Arizona Republic, The (Phoenix, AZ)
January 15, 2007

Author: Pat Kossan, The Arizona Republic Estimated printed pages: 4

Five decades after the civil rights movement began, segregation reigns in Valley schools.

Half of Phoenix-area students are White and nearly 40 percent are Latino.
Schools rarely reflect that makeup or even their own districts' composition.

But one district on the Valley's edge, Casa Grande Elementary, is bucking the trend: It doesn't allow the isolation of White students from Latino ones, or richer from poorer.

Casa Grande purposely draws its school boundaries to give classrooms a racial and ethnic mix that is close to the overall district. That often means three or four far-flung neighborhoods feeding into one school.

It has not been easy and for the first time in three decades, it is starting to crumble.

Forces that segregate Valley districts are gathering strength in Casa Grande. Parents in old neighborhoods want their kids to stay there. Many parents buying new homes in this fast-growing part of Pinal County want new schools within a quick walk or ride. The costs of busing kids in a 400-square-mile district are rising.

Casa Grande is sticking to its policy for now. But district officials know it's looking more and more like an old-fashioned social experiment.

The policy hasn't faced a legal challenge and likely wouldn't be affected by a recent U.S. Supreme Court case about schools that accept students based on race or ethnicity to ensure a good mix.

But Superintendent Frank Davidson said it's getting tougher to help parents recognize what he says is good for the greater community vs. what they want for their child. That's happening despite rising test scores.

"That's the way most parents come to it: What school do I want my child to go to? I want my child to go to the one across the street," Davidson said.

Separate but equal

When asked about the sharp color and wealth division of their students, school administrators in the Valley often say the same thing: They wish they had the option of creating a better balance.

Instead, they focus on making sure all of their schools look good, all of their teachers receive the same training and all of the curriculum and supplies are standardized. The neighborhood-school policy may separate students into haves and have-nots, but the physical campuses and education quality are equal, administrators say.

Many teachers prefer a classroom mix because children learn from each other and struggling students get real role models. Schools overwhelmed by poor children struggling to read or learn English have bigger teacher turnover and younger teachers.

Research by Gary Orfield of Harvard University shows that neighborhood school policy is rapidly re-segregating districts, mostly in the growing West. He worries that children growing up in predominantly Black, Latino or White schools aren't learning to navigate the real America or the global economy.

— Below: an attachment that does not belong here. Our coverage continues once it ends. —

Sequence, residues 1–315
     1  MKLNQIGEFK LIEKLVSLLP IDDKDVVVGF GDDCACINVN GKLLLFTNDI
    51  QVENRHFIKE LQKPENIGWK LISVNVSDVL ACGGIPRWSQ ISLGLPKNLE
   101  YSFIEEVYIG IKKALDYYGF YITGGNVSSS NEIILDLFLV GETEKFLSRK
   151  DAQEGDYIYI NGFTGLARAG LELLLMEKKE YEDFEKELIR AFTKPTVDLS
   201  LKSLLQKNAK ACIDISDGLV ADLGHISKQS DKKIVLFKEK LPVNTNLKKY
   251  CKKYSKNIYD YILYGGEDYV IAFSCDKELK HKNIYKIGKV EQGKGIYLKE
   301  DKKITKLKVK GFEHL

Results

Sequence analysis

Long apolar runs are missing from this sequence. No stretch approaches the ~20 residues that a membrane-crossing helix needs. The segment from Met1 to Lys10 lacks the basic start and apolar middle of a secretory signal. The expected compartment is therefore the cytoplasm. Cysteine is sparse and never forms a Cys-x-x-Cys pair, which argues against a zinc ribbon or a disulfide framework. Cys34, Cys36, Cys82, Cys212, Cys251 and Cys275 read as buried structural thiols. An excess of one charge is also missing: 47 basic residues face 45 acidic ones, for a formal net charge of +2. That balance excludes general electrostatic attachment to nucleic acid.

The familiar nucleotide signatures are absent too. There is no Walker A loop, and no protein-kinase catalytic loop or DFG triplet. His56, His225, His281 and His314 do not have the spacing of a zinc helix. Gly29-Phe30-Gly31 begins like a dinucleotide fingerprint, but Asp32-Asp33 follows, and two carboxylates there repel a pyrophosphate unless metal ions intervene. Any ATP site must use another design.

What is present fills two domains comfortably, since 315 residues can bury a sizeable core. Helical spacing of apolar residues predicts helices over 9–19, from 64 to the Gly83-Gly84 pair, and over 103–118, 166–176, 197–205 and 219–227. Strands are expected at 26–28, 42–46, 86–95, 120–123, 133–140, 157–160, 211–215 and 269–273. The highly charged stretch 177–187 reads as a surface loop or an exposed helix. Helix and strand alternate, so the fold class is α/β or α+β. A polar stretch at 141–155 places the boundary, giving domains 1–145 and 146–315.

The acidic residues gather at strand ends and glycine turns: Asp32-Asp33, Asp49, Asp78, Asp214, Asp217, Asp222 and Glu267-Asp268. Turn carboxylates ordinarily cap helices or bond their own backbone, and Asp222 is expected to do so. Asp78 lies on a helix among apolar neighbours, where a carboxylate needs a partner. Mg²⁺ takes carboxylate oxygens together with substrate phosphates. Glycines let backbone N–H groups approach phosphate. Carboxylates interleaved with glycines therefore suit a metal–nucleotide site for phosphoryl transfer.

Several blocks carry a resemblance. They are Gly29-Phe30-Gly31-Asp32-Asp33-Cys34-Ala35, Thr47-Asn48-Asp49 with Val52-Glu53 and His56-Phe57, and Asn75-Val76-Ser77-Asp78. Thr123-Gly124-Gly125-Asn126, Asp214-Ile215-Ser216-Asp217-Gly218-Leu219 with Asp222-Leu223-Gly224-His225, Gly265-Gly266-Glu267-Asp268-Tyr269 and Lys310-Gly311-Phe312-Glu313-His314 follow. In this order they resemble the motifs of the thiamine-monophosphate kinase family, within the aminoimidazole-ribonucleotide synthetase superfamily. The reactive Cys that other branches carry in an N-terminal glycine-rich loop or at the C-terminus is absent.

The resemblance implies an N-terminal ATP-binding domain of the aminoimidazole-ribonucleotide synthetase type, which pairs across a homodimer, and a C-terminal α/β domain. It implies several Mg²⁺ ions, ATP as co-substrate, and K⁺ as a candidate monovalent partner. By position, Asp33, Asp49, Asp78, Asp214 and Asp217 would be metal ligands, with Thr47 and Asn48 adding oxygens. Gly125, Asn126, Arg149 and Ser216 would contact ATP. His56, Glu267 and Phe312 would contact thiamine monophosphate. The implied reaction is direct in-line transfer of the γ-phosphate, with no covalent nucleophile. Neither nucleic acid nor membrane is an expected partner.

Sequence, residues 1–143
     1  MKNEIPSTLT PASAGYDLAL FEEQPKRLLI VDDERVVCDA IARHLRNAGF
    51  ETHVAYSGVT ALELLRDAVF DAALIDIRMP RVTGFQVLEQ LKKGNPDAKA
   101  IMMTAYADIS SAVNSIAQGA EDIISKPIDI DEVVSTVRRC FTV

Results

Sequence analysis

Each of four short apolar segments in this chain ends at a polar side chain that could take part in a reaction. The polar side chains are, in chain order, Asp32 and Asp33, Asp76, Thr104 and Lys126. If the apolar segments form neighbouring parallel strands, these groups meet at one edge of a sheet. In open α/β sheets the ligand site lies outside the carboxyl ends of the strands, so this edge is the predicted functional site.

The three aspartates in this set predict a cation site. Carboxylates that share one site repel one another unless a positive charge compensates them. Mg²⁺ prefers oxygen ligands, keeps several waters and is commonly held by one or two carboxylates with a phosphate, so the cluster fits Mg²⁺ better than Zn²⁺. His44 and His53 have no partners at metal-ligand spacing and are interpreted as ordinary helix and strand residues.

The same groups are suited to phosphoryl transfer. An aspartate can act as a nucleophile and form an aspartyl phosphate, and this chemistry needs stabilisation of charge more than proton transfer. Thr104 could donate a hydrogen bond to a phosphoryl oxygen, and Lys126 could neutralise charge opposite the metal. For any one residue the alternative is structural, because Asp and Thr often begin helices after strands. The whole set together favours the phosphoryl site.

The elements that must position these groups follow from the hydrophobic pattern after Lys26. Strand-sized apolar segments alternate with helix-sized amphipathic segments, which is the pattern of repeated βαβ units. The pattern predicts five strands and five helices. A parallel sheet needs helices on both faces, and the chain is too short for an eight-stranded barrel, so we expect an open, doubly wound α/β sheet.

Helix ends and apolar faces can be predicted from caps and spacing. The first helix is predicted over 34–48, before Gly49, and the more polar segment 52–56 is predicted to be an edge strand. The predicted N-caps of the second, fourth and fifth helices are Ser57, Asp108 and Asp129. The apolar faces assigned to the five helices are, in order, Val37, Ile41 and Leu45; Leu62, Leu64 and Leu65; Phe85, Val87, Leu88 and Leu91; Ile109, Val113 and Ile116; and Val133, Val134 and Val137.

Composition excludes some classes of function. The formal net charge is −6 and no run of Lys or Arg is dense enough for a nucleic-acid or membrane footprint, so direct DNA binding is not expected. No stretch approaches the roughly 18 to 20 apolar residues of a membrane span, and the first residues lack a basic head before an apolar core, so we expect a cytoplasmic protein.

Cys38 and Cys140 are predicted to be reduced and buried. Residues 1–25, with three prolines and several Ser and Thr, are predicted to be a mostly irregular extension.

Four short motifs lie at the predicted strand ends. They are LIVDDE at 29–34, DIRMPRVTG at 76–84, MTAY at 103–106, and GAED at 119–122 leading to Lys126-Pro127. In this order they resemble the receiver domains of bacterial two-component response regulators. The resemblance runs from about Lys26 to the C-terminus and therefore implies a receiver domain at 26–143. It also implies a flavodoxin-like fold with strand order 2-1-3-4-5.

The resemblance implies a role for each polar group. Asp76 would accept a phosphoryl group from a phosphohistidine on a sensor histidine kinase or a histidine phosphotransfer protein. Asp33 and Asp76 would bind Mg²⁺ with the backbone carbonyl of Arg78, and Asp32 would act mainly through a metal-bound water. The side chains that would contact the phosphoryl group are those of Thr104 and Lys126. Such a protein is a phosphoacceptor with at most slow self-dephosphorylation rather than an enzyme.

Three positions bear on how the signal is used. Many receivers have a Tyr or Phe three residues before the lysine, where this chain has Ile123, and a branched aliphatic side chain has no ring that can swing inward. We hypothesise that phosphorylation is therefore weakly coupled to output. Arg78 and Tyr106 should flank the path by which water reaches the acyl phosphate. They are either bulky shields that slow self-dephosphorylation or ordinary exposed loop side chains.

"One thing you can't learn in those schools is how to live and work in an adult world," Orfield said.

'Give me a month'

Geography helps Casa Grande Elementary pull off desegregation.

The fading agricultural district built most of its 10 schools close to its town center, and new development has been patchy in the hinterlands and more rapid near the center.

Many kids still must travel to school. Another few miles in one direction or another for integration's sake is not a big deal.

Community desire also has kept diversity the norm.

Casa Grande is a small town with a history of segregation and families with long generational memories. Old-timers don't want to return to the times when White families lived north of Florence Avenue and everyone else lived south.

The district took the lead in breaking the color line. David Hernandez, one of the district's first Latino principals, said he had to talk many White parents into letting their children attend his south-of-the-tracks school.
The parents feared the neighborhood and the quality of education. They feared that their children's speech would be peppered with Spanish.

"I told them I was poor all my life, look where I am," Hernandez said.

Tom Hollenbach was one of the young fathers who had grave misgivings about sending his kindergartner to Hernandez's school, fearing his son would not get a "progressive education." After discussing it for a few hours, Hernandez made him the same deal he made with other parents: "Give me a month with your child in this school. If you are still unhappy, I'll help you transfer to any school you want."

Hollenbach kept his first child in Hernandez's school and sent two more sons as well. He is convinced that his kids have an edge in life because they learned to live, work and play with all kinds of people.

He also has been on the school board for nearly 18 years and volunteered to coach baseball for 30. Now, he sells diversity to other parents. He and the board sink money into older schools to keep them looking good, train all teachers and make sure the curriculum is standard in all 10 schools.

"We don't have a rich school on one side and a poor school on the other,"
Hollenbach said. "I don't want a situation where a parent can ever come back and ask me, 'Why can't my child get the same education as your child at such-and-such a school?' "


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CAPTION: Keeping integrated; How it works for one school CAPTION: 1) Frank Davidson, Casa Grande schools superintendent, uses a map of Casa Grande as he discusses future growth hot spots. 2) Tom Hollenbach of the Casa Grande Elementary school board stands on the site of a planned development, one of many proposed for the fast-growing region.
Edition: Final Chaser
Section: Front
Page: A1

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Record Number: pho162117658